Excessive drinking can kill you -- and claims the lives of an estimated 88,000 Americans per year, according to a first-of-its-kind study.
If you find this sobering, keep reading. Some 37 million adults -- about 17 percent -- reported binge drinking, according to the study by the Centers for Disease Control and Prevention.
A binge drinker typically drinks about once a week, drinking seven drinks within two hours.
Let’s define binge drinking: for men, it’s having five or more alcoholic drinks in a two-hour window; women need to drink at least four drinks in that span for it be considered binging.
The Behavioral Risk Factor Surveillance System is a phone survey that collects yearly data on health and risk behaviors of U.S. adults. For the first time, gathering data on 2015, they asked about 400,00 people over 18, including underage drinkers from 18 to 20, about their drinking “in the past 30 days.”
That includes how many days they drank, the average number of drinks consumed and the largest number of drinks they had on any one occasion. In all, the study found there were a staggering 17.5 billion binge drinks consumed per year.
For binge drinkers, 4 out of every 5 drinks were consumed by men. That’s about 14 billion of those 17.5 billion drinks, and they were drinking about twice as much as women.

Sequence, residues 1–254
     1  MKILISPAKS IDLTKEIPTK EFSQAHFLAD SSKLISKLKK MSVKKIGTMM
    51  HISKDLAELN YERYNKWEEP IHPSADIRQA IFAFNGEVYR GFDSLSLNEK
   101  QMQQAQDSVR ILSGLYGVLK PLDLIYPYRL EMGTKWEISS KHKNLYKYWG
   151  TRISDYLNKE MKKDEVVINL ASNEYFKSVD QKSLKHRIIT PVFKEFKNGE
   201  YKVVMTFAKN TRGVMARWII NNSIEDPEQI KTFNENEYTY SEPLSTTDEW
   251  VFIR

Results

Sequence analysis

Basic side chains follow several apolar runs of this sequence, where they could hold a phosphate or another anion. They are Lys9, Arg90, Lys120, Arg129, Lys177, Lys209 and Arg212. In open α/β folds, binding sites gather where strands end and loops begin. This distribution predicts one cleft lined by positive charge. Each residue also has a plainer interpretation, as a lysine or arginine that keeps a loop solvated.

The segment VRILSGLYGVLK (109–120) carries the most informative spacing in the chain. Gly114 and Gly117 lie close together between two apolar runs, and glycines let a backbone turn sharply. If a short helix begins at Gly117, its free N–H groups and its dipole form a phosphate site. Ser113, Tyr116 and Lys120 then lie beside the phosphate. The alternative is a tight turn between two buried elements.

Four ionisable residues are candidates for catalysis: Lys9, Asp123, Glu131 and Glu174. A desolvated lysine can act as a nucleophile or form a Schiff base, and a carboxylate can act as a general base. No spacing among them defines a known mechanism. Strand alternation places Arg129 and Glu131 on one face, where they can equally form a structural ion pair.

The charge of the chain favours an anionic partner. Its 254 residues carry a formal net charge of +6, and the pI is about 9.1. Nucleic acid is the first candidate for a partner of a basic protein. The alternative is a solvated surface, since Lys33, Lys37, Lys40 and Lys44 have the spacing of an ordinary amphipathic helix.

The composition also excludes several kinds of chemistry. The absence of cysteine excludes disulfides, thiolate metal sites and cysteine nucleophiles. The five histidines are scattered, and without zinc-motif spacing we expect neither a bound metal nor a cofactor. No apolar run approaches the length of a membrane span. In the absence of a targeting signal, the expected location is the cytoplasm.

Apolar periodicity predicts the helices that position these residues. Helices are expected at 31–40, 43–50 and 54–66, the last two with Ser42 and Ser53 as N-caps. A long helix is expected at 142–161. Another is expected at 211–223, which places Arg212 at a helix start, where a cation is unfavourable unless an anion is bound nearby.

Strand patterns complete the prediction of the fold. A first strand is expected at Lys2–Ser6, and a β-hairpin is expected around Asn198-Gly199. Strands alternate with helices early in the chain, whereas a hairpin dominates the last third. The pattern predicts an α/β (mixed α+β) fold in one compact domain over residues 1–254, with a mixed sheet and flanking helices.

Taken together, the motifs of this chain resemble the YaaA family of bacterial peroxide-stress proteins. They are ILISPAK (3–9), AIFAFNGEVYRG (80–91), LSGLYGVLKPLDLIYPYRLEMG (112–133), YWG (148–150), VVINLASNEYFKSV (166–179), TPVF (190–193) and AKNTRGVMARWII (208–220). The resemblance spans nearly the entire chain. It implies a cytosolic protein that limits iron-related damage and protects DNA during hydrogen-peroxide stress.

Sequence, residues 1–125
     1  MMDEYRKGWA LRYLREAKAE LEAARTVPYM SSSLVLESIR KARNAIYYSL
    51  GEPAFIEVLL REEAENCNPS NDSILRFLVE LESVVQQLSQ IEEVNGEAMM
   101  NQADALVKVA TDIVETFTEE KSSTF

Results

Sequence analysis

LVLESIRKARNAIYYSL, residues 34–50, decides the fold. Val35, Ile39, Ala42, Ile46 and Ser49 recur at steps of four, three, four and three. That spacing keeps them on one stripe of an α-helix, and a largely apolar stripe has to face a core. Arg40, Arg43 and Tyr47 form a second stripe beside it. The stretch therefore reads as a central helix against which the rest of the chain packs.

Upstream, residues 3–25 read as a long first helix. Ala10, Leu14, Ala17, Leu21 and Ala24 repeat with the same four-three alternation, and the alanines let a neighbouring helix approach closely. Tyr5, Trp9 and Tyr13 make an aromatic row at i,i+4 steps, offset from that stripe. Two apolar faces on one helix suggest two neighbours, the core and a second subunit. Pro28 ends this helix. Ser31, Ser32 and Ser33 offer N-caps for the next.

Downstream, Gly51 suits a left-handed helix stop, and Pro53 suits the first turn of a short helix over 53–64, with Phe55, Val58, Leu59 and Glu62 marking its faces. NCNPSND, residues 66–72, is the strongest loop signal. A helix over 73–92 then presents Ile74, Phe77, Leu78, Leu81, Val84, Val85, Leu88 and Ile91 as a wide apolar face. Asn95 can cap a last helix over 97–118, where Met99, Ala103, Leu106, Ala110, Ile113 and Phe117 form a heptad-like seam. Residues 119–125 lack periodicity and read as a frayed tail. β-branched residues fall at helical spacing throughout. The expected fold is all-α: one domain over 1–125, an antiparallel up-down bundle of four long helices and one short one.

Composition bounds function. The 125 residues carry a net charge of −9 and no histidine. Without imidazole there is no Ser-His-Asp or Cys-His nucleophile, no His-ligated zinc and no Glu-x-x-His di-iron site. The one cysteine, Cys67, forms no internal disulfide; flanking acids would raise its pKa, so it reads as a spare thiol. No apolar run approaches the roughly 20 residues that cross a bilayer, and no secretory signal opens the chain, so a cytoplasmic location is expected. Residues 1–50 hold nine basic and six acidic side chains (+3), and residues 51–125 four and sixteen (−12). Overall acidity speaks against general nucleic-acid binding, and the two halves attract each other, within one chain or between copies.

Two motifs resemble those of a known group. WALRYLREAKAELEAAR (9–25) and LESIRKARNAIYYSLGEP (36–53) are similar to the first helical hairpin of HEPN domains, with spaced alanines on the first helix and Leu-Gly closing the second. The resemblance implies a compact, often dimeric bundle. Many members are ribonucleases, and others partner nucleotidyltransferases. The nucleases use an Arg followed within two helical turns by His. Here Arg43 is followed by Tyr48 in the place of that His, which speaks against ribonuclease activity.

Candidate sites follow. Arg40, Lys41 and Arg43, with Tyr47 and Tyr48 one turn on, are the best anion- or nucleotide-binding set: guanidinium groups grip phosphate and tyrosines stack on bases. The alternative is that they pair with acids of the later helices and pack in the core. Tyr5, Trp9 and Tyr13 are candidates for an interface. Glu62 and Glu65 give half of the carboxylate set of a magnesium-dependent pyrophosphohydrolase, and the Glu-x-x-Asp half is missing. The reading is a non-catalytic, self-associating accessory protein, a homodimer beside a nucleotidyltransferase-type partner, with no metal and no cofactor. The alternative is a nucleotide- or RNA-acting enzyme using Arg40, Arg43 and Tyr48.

The biggest bingers were non-Hispanic whites (19.2%) and American Indians/Alaska Natives (17.9%). And though binging was higher among younger age groups, it was present across all ages, including those 65 years old or older.
Those with household incomes under $25,000 and lower educational levels drank more than more affluent and better-educated adults, the study, which was published in American Journal of Preventive Medicine, found.
The Mississippi River Valley Region -- including Arkansas, Mississippi, and Kentucky -- had the highest number of binge drinks per adult; Hawaii was also near the top.
The areas with fewer binge drinks were the District of Columbia, New Jersey, New York and Washington.
The dangers of binge drinking can range from social issues like unintentional injuries, interpersonal violence and suicide. More dangerously, the higher risks alcohol poisoning, high blood pressure, cardiovascular disease -- like heart attack and stroke -- cancer and liver diseases like cirrhosis.
His recommendations: doctors need to screen for alcohol dependence, but more is needed from a community and policy standpoint. Increasing alcohol taxes and regulating the number of places alcohol is for sale in an area, even legal liability for serving an underage or intoxicated person, might be able to help combat this public health issue.
Najibah Rehman, MD, MPH, is a third-year Preventive Medicine Resident at the University of Michigan, working in the ABC News Medical Unit.